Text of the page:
Many MSM who are taking PrEP in the U.S. are not consistently screened for STIs as recommended by Centers for Disease Control and Prevention guidelines, a study published in Clinical Infectious Diseases found.
The findings derive from an analysis of survey data from the ARTnet study, which included 3,259 HIV-negative, PrEP-eligible MSM. During the study period (2017-2019), 19% of participants said they were taking biomedical HIV prevention and 6% said they had previously taken it.
Per CDC guidelines, comprehensive STI screenings are recommended every three to six months for MSM taking PrEP. Among study participants who had ever taken PrEP, consistent screening for STIs varied widely depending on the sampling method: Screening rates were especially low for rectal swabs (57%) and pharyngeal swabs (64%), while they were higher for urine samples (78%) and blood samples (87%).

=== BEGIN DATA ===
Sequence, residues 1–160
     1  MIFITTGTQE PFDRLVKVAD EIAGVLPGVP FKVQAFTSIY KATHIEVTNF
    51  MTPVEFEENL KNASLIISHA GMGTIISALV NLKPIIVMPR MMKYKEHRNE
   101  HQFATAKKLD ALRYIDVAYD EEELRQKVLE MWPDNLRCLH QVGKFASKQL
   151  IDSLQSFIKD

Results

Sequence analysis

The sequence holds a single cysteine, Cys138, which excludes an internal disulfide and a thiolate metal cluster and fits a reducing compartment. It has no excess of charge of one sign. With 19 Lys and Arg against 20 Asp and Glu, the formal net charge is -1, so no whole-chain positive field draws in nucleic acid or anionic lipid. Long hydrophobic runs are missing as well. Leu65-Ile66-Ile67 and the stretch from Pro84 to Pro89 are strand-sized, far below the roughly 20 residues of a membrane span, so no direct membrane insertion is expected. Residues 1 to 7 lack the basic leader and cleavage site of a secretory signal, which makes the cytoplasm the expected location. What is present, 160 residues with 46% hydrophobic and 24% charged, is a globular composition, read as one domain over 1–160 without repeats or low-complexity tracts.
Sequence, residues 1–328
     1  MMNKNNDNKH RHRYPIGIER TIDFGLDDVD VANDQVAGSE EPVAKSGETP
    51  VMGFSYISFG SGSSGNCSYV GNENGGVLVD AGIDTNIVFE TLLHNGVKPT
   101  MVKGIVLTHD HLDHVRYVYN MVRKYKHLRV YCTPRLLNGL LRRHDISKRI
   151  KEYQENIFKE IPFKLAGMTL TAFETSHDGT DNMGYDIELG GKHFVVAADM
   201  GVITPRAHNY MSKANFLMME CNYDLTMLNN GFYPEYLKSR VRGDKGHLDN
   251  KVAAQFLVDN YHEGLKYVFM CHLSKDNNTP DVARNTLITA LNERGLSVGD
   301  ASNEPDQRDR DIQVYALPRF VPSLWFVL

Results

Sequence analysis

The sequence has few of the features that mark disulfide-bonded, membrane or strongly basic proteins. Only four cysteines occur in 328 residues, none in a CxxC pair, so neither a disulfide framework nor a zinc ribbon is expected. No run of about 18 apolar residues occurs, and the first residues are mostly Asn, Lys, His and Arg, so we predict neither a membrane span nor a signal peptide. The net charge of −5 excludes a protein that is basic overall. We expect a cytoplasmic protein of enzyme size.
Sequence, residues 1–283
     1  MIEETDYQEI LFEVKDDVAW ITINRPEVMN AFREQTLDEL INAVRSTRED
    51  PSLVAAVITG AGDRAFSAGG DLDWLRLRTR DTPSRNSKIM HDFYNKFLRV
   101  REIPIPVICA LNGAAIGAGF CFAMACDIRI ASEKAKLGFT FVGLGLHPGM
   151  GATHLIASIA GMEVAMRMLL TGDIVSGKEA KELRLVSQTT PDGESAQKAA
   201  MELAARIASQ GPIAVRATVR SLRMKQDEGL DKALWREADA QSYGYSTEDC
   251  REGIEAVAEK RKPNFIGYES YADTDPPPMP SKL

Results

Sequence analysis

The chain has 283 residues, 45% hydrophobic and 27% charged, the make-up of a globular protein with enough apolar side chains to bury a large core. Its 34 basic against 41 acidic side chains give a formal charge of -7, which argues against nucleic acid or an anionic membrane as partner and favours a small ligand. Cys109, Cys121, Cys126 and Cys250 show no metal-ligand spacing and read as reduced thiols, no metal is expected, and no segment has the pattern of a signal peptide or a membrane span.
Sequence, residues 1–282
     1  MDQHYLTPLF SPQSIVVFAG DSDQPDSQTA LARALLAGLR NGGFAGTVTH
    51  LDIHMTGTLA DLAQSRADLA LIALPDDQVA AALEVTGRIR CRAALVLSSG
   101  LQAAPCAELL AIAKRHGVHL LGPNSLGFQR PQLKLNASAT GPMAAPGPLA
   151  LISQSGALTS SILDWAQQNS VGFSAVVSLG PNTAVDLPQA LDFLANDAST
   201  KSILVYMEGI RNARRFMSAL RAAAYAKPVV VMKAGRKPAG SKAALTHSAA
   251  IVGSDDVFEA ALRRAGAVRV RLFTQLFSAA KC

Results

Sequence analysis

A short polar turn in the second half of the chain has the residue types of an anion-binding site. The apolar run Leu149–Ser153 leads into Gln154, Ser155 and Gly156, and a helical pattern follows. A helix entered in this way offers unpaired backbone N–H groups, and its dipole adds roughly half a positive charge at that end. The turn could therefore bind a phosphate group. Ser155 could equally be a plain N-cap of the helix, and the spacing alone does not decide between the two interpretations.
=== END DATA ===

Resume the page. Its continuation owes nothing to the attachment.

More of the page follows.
Rates were especially low among respondents living in the U.S. Southeast, where seven of 12 states have not expanded Medicaid. The study authors noted that even when the costs of PrEP itself are covered, ancillary services, such as STI screenings, may not be; thus, cost may be another barrier to STI testing.
“Infrequent extragenital screening is a public health concern because of the higher prevalence of asymptomatic chlamydia or gonorrhea infections that may remain undetected,” study authors commented. Self-collected swabs or at-home testing may improve rates, they said.
Even as this study highlights relatively poor follow-through on existing STI testing guidelines, a separate study we highlighted several weeks ago in This Week in HIV Research suggested that the guidelines themselves may not be aggressive enough: It found that screening for STIs every three months rather than the current three-to-six month recommendation could further reduce STI incidence rates.